A variation on this theme for contemporary artists is to take a digital photo of the work or work-in-progress, then look at it on the computer monitor. I have often been struck by the flaws and errors of execution that suddenly appeared in my work (in various media ) once viewed on the computer screen. There is something about this way of seeing our work that provides enough psychological distance for us to be able to view what we are doing in a more objective fashion. I'm not sure why this is the case, but it does seem to work that way. Of course now that I work with photo images and digital manipulation, everything I do is on the computer screen. Maybe I need to hold a mirror up to the monitor to assess this work!
Not everyone has the luxury of an indoor riding ring with mirrors, but I can state from experience that mirrors are a valuable learning tool here as well. You can be told dozens of times that you are leaning too far forward, too far back, legs in a chair position, hands too high, hands too low, horse not engaged or moving correctly, or any of a number of ways to go wrong, but until you *see* it, you don't really understand what your instructor is telling you.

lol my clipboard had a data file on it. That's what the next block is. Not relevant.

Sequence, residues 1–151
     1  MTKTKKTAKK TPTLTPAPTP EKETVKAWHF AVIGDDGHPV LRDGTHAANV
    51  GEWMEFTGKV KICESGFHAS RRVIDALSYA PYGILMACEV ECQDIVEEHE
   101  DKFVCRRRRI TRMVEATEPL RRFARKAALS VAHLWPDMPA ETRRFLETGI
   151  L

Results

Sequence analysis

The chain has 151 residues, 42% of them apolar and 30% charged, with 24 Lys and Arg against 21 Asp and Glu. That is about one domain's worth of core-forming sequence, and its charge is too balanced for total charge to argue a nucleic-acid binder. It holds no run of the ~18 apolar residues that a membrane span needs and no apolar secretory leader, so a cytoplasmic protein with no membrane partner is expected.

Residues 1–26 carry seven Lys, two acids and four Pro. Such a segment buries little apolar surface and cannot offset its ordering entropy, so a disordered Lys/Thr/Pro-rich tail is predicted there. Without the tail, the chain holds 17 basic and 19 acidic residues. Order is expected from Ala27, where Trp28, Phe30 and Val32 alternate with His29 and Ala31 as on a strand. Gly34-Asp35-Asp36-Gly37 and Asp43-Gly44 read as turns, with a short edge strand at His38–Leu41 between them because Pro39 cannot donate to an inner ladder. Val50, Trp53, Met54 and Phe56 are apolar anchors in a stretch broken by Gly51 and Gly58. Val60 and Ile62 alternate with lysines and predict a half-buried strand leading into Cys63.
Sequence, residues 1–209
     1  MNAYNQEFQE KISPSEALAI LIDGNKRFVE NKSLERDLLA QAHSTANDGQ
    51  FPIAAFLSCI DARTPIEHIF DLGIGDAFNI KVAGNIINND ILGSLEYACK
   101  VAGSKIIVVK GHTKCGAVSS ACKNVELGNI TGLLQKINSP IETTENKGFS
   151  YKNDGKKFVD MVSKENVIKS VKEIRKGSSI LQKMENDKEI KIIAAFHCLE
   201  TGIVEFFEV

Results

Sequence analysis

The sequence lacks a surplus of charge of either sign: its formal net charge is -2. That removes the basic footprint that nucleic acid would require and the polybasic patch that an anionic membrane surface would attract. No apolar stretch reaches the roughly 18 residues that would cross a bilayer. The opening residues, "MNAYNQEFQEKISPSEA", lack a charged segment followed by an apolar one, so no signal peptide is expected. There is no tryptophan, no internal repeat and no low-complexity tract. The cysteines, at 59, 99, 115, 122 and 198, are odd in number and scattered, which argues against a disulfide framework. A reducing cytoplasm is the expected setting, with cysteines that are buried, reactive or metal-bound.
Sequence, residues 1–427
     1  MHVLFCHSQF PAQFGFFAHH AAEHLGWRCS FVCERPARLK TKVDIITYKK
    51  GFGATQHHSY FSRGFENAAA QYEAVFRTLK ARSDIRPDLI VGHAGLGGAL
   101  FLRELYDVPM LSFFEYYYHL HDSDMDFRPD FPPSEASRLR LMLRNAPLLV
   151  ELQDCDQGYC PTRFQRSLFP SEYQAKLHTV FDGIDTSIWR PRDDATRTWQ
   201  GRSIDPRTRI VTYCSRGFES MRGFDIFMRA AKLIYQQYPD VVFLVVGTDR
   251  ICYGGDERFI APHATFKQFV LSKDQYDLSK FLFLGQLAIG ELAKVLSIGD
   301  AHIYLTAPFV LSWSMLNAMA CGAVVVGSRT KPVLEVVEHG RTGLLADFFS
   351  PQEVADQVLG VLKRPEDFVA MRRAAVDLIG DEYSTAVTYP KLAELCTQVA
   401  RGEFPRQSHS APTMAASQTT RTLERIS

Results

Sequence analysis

Mirrors provide a valuable visual check to ensure that you and your horse are doing what you should be doing to the best of your ability. When a rider takes a quick sideways look at the mirror on the opposite side of the ring as they are training, you can be pretty darn sure they aren't just admiring themselves (although occasionally they *will* be admiring their horse). Generally they will be doing a quick top-to-bottom assessment of their position in the saddle, how the horse is carrying itself, and going through a mental checklist on what they should be doing better. I have a bit of a problem with my saddle tending to move to the left over time, mostly to do with my horse's anatomy. It takes a while for me to realize that this is happening when I am doing a lot of outdoor riding in the summer, but when I am in the indoor ring riding straight towards the mirror in the short end of the ring, I can see instantly if the saddle is properly centered and get that problem sorted out before it starts affecting our performance.